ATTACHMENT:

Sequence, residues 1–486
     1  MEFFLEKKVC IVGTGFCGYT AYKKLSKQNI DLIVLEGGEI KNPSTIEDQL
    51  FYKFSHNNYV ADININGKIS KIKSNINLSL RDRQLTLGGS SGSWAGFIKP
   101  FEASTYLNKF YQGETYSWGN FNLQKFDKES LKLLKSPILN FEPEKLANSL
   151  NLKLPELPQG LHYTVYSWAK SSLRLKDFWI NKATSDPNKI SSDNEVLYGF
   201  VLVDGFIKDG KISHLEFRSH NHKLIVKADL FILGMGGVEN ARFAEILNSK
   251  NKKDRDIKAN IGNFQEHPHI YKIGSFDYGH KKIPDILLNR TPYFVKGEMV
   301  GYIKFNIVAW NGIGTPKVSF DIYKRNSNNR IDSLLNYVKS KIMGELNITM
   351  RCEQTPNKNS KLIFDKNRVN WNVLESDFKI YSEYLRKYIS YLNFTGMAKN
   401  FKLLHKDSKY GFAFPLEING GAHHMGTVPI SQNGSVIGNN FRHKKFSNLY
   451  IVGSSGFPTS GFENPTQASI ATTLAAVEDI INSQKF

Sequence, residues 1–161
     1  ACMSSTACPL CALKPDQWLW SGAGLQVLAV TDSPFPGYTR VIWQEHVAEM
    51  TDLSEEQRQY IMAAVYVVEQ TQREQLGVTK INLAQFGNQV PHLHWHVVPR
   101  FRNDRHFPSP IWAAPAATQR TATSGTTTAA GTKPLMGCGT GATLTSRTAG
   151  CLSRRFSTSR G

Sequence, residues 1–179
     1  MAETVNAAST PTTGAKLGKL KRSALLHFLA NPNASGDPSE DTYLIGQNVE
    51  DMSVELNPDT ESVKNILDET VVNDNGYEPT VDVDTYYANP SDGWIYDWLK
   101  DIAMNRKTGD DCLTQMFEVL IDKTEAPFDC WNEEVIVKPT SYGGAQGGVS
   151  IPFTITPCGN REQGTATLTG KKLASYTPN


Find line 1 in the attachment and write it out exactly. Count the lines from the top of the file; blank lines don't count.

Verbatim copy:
Sequence, residues 1–486